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How To Get & Put Items Into dynamoDB With Powershell

AWS dynamoDB is a really useful key-value store which is really easy to consume from scripts. However while the AWS Powershell module contains functions for ‘Managing Tables’ it does not contain functions for ‘Reading Data’ or ‘Modifying Data’. I had found Julian Biddle had written a blog post about how this might be done by making direct calls to AWS AmazonDynamoDBClient SDK for .net. While this was a useful starting point I had to read around this alot to get it to work how I needed, this post is an explaination of my understanding.

The script this blog post documents is stored here.

The first thing to do is setup your Powershell session with credentials which have permissions to Read and Write AWS dynamoDB. Here we create a profile and then set this as the default profile to be used.

Import-Module AWSPowershell
Set-AWSCredentials -AccessKey <my-access-key> -SecretKey <my-access-key-secret> -StoreAs DynamoDB
Initialize-AWSDefaults -ProfileName DynamoDB -Region eu-west-1

We can then use the AWS cmdlets to create a test dynamoDB table.

$exampleSchema = New-DDBTableSchema | Add-DDBKeySchema -KeyName "Name" -KeyDataType "S"
$exampleTable = New-DDBTable "myExample" -Schema $exampleSchema -ReadCapacity 5 -WriteCapacity 5

Then within our script we add the AmazonDynamoDB .net framework class.

Add-Type -Path (${env:ProgramFiles(x86)}+"\AWS SDK for .NET\bin\Net45\AWSSDK.DynamoDBv2.dll")

We then create a session to dynamoDB, in this example script we are running from within a Powershell session which already has permissions to DynamoDB. As such we need to specify which region our tables are in so we form a RegionEndpoint object for Ireland and pass this to form a session to that region.

$regionName = 'eu-west-1'
$regionEndpoint=[Amazon.RegionEndPoint]::GetBySystemName($regionName)
$dbClient = New-Object Amazon.DynamoDBv2.AmazonDynamoDBClient($regionEndpoint)

If we wanted to authenticate within script we would form a credential object and pass that to the command to create the session for example.

$dbClient = New-Object Amazon.DynamoDBv2.AmazonDynamoDBClient($creds, $regionEndpoint).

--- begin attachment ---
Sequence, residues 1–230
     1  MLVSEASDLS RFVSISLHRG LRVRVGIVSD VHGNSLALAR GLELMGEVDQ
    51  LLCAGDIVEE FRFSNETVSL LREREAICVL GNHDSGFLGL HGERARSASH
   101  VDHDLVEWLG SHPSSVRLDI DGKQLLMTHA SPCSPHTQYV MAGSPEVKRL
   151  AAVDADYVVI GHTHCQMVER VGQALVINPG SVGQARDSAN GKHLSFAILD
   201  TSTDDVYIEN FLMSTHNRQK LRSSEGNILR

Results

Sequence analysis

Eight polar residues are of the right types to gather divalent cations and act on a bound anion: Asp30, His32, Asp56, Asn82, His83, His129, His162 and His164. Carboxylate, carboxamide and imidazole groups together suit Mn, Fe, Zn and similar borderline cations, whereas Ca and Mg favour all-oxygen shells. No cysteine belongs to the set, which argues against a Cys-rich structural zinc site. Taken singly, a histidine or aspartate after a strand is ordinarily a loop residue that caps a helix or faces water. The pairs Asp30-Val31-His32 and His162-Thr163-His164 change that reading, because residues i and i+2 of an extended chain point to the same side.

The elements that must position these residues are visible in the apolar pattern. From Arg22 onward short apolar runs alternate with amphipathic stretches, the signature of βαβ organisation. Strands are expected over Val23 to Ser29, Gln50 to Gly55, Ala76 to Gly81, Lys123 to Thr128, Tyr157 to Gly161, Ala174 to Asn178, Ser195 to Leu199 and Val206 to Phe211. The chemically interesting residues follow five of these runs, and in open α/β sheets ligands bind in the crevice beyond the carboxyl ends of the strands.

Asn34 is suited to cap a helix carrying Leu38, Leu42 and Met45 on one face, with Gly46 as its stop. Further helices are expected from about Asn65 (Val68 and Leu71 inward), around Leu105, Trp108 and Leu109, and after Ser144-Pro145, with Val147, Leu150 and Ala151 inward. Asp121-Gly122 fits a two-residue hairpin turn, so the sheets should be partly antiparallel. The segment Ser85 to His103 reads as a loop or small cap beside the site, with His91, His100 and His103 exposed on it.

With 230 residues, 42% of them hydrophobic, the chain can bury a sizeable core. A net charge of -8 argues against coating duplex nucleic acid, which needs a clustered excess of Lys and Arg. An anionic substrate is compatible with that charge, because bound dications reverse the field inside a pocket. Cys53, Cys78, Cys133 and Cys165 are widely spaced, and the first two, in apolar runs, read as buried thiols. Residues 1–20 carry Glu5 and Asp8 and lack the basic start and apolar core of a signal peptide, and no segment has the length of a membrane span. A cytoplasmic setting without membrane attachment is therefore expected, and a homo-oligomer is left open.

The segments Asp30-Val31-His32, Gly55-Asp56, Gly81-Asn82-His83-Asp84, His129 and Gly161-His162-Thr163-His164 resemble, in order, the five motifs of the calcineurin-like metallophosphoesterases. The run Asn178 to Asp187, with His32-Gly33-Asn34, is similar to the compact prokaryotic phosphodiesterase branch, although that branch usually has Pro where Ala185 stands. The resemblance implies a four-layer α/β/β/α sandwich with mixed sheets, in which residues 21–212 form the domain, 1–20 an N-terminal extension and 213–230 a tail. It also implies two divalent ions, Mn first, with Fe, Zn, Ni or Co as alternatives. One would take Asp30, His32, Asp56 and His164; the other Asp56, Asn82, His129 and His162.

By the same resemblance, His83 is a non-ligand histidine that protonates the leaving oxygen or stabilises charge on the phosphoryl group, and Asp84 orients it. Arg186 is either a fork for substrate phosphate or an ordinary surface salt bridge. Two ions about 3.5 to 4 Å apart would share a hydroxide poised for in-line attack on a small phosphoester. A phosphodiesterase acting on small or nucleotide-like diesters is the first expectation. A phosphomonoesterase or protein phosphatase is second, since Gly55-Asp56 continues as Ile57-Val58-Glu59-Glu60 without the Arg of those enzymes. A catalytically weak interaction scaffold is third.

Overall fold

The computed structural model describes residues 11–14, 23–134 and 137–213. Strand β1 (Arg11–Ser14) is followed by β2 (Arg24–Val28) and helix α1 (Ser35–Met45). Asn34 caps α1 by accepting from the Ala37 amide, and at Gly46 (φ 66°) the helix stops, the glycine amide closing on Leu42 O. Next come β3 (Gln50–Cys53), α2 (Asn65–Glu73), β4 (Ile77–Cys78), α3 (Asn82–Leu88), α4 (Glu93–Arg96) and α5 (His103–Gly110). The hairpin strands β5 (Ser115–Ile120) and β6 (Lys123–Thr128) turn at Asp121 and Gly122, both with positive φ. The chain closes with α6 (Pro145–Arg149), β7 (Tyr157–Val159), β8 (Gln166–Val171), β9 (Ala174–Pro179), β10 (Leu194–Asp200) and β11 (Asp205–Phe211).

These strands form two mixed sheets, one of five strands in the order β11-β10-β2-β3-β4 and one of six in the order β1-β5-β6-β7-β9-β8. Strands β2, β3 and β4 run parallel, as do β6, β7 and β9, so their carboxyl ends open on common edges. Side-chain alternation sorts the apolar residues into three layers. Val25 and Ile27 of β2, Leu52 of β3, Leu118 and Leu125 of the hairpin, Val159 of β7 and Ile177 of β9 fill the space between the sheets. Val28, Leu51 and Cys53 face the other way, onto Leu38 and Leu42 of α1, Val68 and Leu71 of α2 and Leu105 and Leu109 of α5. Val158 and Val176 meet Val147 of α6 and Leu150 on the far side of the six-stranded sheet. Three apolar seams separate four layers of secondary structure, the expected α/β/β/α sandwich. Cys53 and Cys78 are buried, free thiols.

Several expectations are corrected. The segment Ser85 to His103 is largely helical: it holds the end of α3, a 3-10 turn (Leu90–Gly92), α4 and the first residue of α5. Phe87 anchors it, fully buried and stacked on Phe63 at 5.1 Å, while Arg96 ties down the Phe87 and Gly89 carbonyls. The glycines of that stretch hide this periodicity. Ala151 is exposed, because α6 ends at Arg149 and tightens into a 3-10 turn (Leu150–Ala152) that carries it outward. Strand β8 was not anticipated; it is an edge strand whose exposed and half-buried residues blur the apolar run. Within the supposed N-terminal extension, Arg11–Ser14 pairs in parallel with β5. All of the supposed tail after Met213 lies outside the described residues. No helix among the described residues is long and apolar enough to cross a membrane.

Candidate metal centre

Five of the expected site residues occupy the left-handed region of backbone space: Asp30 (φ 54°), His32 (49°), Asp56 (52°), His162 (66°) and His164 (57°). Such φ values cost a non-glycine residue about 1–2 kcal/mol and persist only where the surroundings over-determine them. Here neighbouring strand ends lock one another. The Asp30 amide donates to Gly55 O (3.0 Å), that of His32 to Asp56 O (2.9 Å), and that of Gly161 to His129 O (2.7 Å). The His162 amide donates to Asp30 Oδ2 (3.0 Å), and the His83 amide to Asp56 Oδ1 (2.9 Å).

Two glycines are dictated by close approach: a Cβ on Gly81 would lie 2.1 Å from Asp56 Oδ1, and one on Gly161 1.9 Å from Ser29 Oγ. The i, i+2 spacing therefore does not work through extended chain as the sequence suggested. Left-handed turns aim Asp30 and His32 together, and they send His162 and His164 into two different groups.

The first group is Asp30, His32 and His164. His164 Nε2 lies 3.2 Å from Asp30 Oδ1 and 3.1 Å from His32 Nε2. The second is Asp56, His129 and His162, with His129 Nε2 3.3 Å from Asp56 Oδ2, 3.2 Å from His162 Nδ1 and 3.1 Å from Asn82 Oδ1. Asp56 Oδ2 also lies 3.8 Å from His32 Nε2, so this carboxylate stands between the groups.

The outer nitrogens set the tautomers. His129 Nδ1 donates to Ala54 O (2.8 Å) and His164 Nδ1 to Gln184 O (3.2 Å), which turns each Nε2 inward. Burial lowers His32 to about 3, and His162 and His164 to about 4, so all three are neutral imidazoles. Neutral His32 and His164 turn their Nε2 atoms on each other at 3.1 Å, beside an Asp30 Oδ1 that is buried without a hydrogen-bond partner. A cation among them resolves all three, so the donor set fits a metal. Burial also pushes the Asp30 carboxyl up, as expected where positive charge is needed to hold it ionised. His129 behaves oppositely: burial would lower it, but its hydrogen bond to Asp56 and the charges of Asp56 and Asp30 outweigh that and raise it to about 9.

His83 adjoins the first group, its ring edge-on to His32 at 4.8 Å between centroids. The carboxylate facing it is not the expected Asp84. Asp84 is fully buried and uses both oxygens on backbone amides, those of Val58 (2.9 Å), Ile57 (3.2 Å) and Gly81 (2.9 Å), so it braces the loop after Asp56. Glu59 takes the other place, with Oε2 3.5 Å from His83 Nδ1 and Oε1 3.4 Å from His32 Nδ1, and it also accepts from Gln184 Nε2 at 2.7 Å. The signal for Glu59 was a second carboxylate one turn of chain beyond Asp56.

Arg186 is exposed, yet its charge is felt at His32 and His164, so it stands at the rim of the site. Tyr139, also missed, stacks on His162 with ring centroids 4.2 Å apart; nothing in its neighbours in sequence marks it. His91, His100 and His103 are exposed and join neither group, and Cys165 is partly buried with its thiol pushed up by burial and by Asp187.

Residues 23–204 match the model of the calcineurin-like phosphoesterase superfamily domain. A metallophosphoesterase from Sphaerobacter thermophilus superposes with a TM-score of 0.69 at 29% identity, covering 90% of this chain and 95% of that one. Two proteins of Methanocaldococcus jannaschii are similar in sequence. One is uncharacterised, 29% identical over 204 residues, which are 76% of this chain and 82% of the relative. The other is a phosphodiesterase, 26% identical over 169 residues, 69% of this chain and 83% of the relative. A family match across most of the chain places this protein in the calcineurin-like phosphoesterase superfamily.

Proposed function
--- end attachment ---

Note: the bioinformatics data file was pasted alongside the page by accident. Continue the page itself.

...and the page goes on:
As we would typically make various put operations to DynamoDB we create a reuable function which takes parameters. In this example we have a function creating a single Item with two key-value pairs.

function putDDBItem{
  param (
        [string]$tableName,
        [string]$key,
        [string]$val,
        [string]$key1,
        [string]$val1
        )

We create an object for the PutItemRequest operation, we then assign our tableName parameter as the string value for the TableName property.

  $req = New-Object Amazon.DynamoDBv2.Model.PutItemRequest
  $req.TableName = $tableName

We also need to populate the Item property, this is a dictionary which requires both a string value for the key name and an AttributeValue object. Here we add two key-value pairs to the item object request.

  $req.Item = New-Object 'system.collections.generic.dictionary[string,Amazon.DynamoDBv2.Model.AttributeValue]'
  $valObj = New-Object Amazon.DynamoDBv2.Model.AttributeValue
  $valObj.S = $val
  $req.Item.Add($key, $valObj)
  $val1Obj = New-Object Amazon.DynamoDBv2.Model.AttributeValue
  $val1Obj.S = $val1
  $req.Item.Add($key1, $val1Obj)

Once our object item request is formed we run this against the PutItem method of our dynamoDB database connection

  $dbClient.PutItem($req)
  }

As we would typically make various read operations to DynamoDB we create a reuable function which takes parameters.

function getDDBItem{
    param (
            [string]$tableName,
            [string]$key,
            [string]$keyAttrStr
            )

We create an object for the GetItemRequest operation, we then assign our tableName parameter as the string value for the TableName property.

$req = New-Object Amazon.DynamoDBv2.Model.GetItemRequest
$req.TableName = $tableName

We also need to populate the Key property, this is a dictionary which requires both a string value for the key name and an AttributeValue object for the value matching the Item we want to extract. The full command syntax can be found here.

$req.Key = New-Object 'system.collections.generic.dictionary[string,Amazon.DynamoDBv2.Model.AttributeValue]'
$keyAttrObj = New-Object Amazon.DynamoDBv2.Model.AttributeValue
$keyAttrObj.S = $keyAttrStr
$req.Key.Add($key, $keyAttrObj.S)

Once we have our request object populated we then run the GetItem method and pass it the object we have formed. Here I adjust the scope of the object to script so this can be used within the script outside of the function.

$script:resp = $dbClient.GetItem($req)
}

If we now call the set function and ask it to create an item,

putDDBItem -tableName 'myExample' -key 'Name' -val 'Bob' -key1 'Age' -val1 '21'

We can repeat this to populate a little more data into the table.

putDDBItem -tableName 'myExample' -key 'Name' -val 'Bert' -key1 'Age' -val1 '22'
putDDBItem -tableName 'myExample' -key 'Name' -val 'Sid' -key1 'Age' -val1 '23'

Oncew we have some data in we can then call the query function to pull back the the Item where Name matches Bob.

getDDBItem -tableName 'myExample' -key 'Name' -keyAttrStr 'Bob'

The item is returned as an object, we can then display the contents of any key value pair such as Hugh’s age, note the key value pair are also objects so we view the .S string attribute. $script:resp.Item.’Age’.S

As for this example I scoped the object to script it will not be cleaned so we reset this to $null once we have consumed it.

$script:resp = $null

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